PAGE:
Emily Hanscam UNESCO Chair on Heritage Futures

Critical understandings of the past, present and future

The UNESCO Chair on Heritage Futures at Linnaeus University gets a new member. Dr Emily Hanscam is interested in the politics of the past, nationalism, critical heritage and the potentials of archaeology to build a more inclusive and just future. She will contribute to the already unique research profile on Heritage Futures.

Hanscam's research background is in Roman frontiers and archaeological theory – for her PhD she discussed the potentials for a postnational archaeology, using Romania as a case study. She also spent a decade excavating at Halmyris, a Roman fort in the Danube Delta, Romania.

Her current project, New Romans, researches the sociopolitical contexts of references to Classical Antiquity in the United States, exploring the possible significance of a critically understood Classical tradition for negotiating the future of American society. She is is also presently writing a book, inspired by her PhD thesis, which examines the long-term impact of Roman origin myths on national narratives and identities across Europe and the United States, unpacking the deep connections between shifts in geopolitical power and ideas of migrant and native and Us vs. the Other.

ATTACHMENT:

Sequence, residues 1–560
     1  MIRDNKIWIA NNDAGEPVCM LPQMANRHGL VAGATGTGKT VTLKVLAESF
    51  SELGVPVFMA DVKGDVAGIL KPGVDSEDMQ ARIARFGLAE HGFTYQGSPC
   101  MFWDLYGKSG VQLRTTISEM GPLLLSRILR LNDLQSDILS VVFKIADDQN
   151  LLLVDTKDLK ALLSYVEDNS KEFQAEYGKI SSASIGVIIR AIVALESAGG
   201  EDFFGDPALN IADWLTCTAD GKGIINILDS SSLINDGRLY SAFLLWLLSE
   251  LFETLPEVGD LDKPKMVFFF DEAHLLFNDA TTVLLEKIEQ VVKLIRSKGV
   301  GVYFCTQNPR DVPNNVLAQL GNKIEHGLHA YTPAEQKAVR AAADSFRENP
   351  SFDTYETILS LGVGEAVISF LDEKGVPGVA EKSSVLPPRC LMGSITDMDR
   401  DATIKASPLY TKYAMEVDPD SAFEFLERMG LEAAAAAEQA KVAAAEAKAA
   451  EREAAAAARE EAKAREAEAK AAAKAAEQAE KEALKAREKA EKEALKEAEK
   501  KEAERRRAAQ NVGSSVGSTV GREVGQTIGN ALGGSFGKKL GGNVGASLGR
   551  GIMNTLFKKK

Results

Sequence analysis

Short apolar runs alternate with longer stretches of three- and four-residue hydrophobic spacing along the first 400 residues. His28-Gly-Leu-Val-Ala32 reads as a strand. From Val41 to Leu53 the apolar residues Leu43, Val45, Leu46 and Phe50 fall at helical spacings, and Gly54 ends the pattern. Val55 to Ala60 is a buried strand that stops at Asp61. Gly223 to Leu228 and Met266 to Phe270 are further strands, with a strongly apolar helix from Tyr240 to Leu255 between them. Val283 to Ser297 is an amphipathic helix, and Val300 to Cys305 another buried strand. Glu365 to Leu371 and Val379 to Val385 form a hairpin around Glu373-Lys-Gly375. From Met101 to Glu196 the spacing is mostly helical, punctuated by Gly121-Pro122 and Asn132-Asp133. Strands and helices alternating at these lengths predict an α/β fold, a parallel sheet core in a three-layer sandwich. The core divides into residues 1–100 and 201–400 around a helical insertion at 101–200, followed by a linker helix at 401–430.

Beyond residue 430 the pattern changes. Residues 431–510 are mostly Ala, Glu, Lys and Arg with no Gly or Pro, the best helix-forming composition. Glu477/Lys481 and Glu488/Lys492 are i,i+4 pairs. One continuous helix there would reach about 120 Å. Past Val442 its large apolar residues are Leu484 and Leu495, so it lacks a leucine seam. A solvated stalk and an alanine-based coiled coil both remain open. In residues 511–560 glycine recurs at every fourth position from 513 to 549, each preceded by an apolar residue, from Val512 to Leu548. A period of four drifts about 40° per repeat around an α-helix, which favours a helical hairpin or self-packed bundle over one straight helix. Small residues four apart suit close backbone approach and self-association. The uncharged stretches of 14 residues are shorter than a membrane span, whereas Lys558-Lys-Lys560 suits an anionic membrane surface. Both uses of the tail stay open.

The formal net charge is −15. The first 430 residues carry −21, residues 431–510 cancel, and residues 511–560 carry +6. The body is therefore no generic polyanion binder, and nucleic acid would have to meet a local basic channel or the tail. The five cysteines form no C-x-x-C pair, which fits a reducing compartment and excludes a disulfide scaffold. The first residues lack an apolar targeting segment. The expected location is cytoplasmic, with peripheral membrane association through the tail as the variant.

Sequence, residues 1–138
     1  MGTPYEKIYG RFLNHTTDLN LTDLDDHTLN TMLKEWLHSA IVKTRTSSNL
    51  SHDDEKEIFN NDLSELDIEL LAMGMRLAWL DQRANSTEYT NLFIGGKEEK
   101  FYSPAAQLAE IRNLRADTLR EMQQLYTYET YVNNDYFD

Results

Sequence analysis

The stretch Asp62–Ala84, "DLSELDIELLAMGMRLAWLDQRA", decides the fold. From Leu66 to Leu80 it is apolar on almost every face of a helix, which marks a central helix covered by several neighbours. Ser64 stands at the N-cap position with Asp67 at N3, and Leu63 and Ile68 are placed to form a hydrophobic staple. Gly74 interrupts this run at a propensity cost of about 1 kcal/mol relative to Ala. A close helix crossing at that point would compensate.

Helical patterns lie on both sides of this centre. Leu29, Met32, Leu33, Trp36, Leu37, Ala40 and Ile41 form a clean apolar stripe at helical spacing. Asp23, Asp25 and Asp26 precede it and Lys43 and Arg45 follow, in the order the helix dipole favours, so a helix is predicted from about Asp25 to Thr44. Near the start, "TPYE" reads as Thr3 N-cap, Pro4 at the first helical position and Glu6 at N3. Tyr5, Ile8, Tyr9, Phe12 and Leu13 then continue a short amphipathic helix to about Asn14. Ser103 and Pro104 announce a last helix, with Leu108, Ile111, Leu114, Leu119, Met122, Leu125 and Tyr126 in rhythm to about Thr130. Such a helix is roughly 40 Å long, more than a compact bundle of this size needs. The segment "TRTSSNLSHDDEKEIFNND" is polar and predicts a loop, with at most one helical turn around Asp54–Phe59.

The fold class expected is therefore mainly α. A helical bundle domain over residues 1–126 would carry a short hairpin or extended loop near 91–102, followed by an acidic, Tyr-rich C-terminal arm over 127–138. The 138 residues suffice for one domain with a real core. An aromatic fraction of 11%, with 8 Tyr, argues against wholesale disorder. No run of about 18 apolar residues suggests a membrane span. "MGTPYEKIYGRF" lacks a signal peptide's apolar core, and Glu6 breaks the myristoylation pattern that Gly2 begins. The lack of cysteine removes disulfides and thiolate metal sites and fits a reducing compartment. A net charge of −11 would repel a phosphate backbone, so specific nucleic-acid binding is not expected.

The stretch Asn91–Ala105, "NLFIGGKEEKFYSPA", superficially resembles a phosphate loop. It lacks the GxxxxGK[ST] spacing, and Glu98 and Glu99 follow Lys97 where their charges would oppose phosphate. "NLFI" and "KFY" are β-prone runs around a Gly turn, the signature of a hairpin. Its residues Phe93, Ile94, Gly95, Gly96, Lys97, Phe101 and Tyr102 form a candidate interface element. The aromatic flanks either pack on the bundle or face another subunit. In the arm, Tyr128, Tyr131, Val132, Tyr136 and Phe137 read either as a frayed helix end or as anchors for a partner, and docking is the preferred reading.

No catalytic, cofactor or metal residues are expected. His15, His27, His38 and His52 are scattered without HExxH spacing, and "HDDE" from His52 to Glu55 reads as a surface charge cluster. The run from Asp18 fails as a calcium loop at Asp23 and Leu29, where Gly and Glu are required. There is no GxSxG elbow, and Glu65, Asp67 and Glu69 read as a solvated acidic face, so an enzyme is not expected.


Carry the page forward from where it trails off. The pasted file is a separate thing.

"After my first weeks at LNU I am confident that this is a place where research can thrive – the Kalmar campus is set on a fantastic location on the Baltic Sea and is built to facilitate new connections and inspiration from colleagues across the humanities and social sciences. I am thrilled to be here!", says Emily Hanscam. 

Professor Cornelius Holtorf holds the UNESCO Chair on Heritage Futures, and he is pleased to welcome Emily Hanscam to the campus. 

"With Emily Hanscam's work, we will be able to strengthen our commitment to research of global significance and to promote critical understandings of the past, present-day and future identities. Her work will make an impact that goes beyond the Chair as well", says Holtorf.

The postdoctoral research fellowship is supported by the Crafoord Foundation, the LNU Centre for Concurrences, and the UNESCO Chair on Heritage Futures.